16 CHAPTER 9: CHILD CUSTODY Remember that although judges rely heavily on these reports, the neutral expert is not the final decision-maker the judge is. You have the right to review the report of the custody evaluator before the hearing or trial so that you can challenge the report. Duro v. Duro, 392 Mass. 574, 580 (1984). If you have not retained an attorney up until this point, once a child custody evaluation is ordered, you should consider retaining one. The stakes are very high at this point, the judge has indicated that there is a serious question as to whom the child should live with, and whether and how visitation should take place. You have important rights to confidentiality and rights to challenge the expert that you may not be able to exercise effectively without an attorney. HOW CAN I CHANGE A CUSTODY ORDER? A custody order issued in a paternity, divorce, or separate support matter can be changed by filing a complaint for modification. See Exhibit 16B. You must show the court that there has been a significant change in the circumstances that make the earlier judgment of custody not in the child s best interest. G.L. c. 208, 28. See O Brien v. O Brien, 347 Mass. 765 (1964). A temporary custody order may also be changed if the change is warranted by the child s best interest. G.L. c. 208, 31. The change must have occurred after the court made its order. Breton v. Breton, 332 Mass. 317 (1955). Because judges believe that stability is almost always in a child s best interest, they will be cautious about changing custody, even when many circumstances have changed. The fact that there has been a change in the custodial parent s residence, job, health, or income or the fact that he or she is involved in a relationship is not, by itself, considered sufficient justification to change custody. The modification must be necessary to the child s welfare. See Haas v. Puchalski, 9 Mass. App. Ct. 555 (1980). The decision of whether to change an order is left to the discretion of the judge hearing the case. Each individual judge hearing the facts and reviewing the evidence will decide if the change in circumstances in the case before the court is material and negatively affects a child s best interest. See Palmer v. Palmer, 357 Mass. 764 (1970); Jenkins v. Jenkins, 304 Mass. 248 (1939). A court can always change a custody order if it is in the child s best interest to do so, even if the parties have made a separate agreement about custody. DeCristofaro v. DeCristofaro, 24 Mass. App. Ct. 231 (1987). Generally, modification actions are brought because one parent is planning to move a significant distance, visitation arrangements need to be changed, or the custodial parent is not taking sufficient care of the child s needs. Filing If a custody order was made pursuant to a 209A request for a protective order, it may be changed simply by filing an action for divorce, paternity, or separate support in the Probate and Family Court. G.L. c. 209A, 3. A subsequent custody order from any of these actions overrides a custody award issued under G.L. c. 209A. There is no requirement to show a material change of circumstances in these cases. However, the court may use evidence of domestic violence as a factor when making its custody or visitation decisions. Custody of Vaughn, 422 Mass. 590 (1996) Mass. Acts c. 179 amended several statutes requiring courts to consider domestic violence as a factor in making custody awards where there is evidence of a pattern or a serious incident of abuse. See If There Has Been Domestic Violence Between the Parents, above. Either parent may file a complaint to modify the previous custody order. A third party may also file on behalf of the minor child. G.L. c. 208, 28. The complaint for modification can be obtained from a clerk and should at least contain the following: a statement about which part of the previous order needs to be changed; a description of the circumstances at the time of the previous order; a description of the changes since the previous order; a description of the impact that the changes have had on the child leading you to believe that the order should be changed; and 258 Family Law Advocacy for Low and Moderate Income Litigants, 2nd Edition 2008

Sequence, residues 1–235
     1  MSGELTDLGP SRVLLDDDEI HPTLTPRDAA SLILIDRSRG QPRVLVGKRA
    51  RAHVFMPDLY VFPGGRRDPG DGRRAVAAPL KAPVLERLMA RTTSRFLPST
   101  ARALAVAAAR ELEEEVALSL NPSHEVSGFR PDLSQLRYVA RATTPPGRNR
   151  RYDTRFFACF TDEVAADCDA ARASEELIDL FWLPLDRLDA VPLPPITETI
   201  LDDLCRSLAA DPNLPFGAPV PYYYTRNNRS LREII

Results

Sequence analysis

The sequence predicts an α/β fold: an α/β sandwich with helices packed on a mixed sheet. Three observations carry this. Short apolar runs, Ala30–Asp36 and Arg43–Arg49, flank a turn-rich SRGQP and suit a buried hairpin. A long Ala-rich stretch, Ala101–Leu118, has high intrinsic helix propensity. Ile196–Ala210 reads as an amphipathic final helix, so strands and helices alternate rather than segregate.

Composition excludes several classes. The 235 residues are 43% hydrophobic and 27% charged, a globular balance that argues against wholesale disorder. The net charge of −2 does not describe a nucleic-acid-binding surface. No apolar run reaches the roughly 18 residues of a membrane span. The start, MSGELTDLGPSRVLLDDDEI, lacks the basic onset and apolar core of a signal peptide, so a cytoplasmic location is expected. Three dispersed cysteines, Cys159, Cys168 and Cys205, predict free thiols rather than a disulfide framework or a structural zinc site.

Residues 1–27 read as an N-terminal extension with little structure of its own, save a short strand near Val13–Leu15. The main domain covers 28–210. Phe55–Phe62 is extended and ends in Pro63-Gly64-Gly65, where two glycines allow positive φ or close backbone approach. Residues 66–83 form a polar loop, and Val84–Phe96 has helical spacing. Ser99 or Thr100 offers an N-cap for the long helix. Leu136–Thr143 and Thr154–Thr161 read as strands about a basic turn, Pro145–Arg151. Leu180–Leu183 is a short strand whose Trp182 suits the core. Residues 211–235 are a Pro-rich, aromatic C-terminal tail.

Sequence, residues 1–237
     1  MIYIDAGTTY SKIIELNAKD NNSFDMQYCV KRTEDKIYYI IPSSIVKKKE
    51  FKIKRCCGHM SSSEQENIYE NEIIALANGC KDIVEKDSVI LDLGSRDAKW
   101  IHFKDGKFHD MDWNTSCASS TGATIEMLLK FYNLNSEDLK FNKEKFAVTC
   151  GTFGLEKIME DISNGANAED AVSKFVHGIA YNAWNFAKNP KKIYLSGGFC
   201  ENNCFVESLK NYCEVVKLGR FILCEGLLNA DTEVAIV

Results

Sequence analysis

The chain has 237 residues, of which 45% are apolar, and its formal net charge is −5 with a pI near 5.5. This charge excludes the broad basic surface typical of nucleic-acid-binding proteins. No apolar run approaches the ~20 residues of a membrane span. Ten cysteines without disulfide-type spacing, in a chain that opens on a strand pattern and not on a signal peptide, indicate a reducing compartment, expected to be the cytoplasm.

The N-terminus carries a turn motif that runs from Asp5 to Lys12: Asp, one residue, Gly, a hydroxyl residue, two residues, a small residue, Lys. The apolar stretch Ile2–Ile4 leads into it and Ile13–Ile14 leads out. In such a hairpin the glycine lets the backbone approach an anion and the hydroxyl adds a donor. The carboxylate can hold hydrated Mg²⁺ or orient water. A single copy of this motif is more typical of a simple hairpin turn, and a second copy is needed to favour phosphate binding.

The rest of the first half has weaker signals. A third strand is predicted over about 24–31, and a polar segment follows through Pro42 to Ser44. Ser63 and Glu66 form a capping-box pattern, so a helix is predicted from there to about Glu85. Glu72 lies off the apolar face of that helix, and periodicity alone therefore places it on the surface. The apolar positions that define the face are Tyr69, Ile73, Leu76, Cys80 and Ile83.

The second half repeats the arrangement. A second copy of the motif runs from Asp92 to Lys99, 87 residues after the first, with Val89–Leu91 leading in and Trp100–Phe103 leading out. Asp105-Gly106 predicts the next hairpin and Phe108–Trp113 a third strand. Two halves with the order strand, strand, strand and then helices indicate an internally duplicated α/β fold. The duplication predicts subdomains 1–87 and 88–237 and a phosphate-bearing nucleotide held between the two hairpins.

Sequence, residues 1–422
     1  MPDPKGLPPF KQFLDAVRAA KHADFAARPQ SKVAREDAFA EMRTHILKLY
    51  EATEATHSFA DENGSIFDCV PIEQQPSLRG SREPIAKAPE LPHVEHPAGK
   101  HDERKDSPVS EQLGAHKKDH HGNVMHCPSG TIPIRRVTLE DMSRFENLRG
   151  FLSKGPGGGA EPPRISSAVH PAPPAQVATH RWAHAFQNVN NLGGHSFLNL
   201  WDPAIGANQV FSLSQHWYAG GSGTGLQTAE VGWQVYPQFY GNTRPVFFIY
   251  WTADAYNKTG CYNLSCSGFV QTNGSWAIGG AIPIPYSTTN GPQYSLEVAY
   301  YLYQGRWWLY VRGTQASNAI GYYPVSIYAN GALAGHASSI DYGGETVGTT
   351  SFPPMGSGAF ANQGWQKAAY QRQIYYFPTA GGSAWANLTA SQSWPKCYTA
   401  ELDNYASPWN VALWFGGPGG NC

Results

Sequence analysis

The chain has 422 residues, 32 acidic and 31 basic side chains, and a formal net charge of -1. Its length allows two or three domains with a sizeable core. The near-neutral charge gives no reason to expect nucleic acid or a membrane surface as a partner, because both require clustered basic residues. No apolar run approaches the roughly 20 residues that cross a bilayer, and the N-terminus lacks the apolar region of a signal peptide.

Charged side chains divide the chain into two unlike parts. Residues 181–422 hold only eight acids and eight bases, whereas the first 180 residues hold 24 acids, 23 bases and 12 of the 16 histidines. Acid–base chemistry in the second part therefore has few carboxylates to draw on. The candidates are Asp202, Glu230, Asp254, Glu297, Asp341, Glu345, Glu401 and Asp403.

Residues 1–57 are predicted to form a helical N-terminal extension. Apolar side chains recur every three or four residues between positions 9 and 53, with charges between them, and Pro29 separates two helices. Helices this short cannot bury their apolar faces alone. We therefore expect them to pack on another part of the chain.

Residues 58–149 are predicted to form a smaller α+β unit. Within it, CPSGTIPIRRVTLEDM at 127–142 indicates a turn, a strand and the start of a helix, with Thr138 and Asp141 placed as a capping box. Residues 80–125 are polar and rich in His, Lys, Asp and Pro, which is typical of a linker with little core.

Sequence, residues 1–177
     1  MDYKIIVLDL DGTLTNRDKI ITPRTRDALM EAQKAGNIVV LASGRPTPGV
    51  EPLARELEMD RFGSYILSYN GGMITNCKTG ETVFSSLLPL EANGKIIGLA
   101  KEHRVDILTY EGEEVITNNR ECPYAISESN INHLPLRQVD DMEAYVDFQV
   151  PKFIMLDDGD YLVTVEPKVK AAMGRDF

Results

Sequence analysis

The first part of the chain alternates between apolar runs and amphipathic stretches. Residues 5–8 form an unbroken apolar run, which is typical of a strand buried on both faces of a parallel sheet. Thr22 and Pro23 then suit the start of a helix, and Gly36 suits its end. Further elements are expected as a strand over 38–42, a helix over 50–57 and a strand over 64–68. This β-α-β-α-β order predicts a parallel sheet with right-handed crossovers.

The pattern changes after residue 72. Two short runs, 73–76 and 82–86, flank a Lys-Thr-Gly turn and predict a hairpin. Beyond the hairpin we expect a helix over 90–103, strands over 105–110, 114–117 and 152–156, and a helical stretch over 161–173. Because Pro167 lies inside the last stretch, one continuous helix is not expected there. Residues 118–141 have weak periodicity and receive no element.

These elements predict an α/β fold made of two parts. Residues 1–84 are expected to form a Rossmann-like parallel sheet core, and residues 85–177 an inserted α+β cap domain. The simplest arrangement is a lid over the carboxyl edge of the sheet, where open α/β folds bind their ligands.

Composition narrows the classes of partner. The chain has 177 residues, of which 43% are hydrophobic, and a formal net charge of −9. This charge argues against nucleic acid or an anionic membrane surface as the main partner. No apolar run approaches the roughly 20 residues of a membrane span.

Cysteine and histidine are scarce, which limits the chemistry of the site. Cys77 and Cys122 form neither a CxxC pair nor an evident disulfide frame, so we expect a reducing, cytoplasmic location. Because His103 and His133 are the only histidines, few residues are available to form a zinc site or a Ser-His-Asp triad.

17 CHAPTER 9: CHILD CUSTODY a statement about what you want the court to do. The hearing on a complaint for modification is similar to the hearing in a custody case, with the exception of the need to prove change of circumstances. You may wish to review Chapter 16 to determine what additional information you need to present to the judge. For more on modifications, see Chapter 16, particularly if you are served with a complaint. Visitation It is believed to be important for a child s general well-being to know and love both of his or her parents, even if the parents have never lived together. Society has placed a great emphasis on encouraging both parents to have frequent and continuing association with their children. DiRusso v. DiRusso, 12 Mass. App. Ct. 892, 893 (1981). The noncustodial parent is generally given an opportunity to see the child and take him or her for certain periods of time. This is called visitation. Visitations can range from a broad flexible agreement between the parents to a fixed schedule that can be enforced by the courts. In certain circumstances, visitation can be restricted and supervised by a third party. Legally, visitation is considered a part of the whole judgment regarding the custody of the minor children. For example, see G.L. c. 208, 31, which states that shared custody plans require detailed visitation arrangements. If a parent actively interferes with the relationship between the child and the other parent, the court may find that parent in contempt. Petruzziello v. Newman, 8 Mass. App. Ct. 896 (1979). Continued interference could result in the judge changing custody. There is a strong presumption in the law that it is in the child s best interest to have an ongoing relationship with each parent. See McCarthy v. McCarthy, 21 Mass. App. Ct. 924 (1985), where visitation order is encouraged even though the parents are unable to cooperate. While visitation between children and the noncustodial parent is encouraged, parents do not have an absolute right to associate with their child. Vilakazi v. Maxie, 371 Mass. 406 (1976); Felton v. Felton, 383 Mass. 232, 233 (1981). Are There Legal Differences in the Visitation Between Children Born to Married and Unmarried Parents? As a practical matter, there is no legal difference between visitation actions on behalf of children born within a marriage and that of children born outside of a marriage once the case has been filed with the court. Visitation actions for children born outside of a marriage are governed by G.L. c. 209C. Visitation actions for children of a marriage are governed by G.L. c The best interest of the child standard applies to visitation issues arising in paternity, divorce and separate support actions. The only barrier in paternity cases is that paternity must be established before a father can be awarded visitation rights. Please refer to Chapter 7, Paternity Issues, for additional information. Can Parents Make Their Own Visitation Arrangements? If parents can work together to develop a visitation arrangement that serves their needs as well as the needs of their child, they should do so. In fact, courts often send parents who have filed a complaint regarding visitation or other disputes to a probation officer (probation officers in Probate and Family Courts are often referred to as family services officers) to get help in negotiating the terms of an agreement. The courts believe that people are more likely to follow an agreement that they developed themselves. The critical factor here is whether the parties can truly negotiate. People cannot effectively negotiate an agreement that is likely to stick if either party feels incompetent, afraid, or disadvantaged as a result of violence between the parties, perceived lack of skill or experience, or inequality. If there is a history of domestic violence between you and the other parent, you may wish to go in front of the judge rather than attempt to negotiate with the other party. Agreements made with the probation officer or motion mediator will be made into an enforceable order of the court. Arrangements made outside of court can be incorporated into a court order if the parties Family Law Advocacy for Low and Moderate Income Litigants, 2nd Edition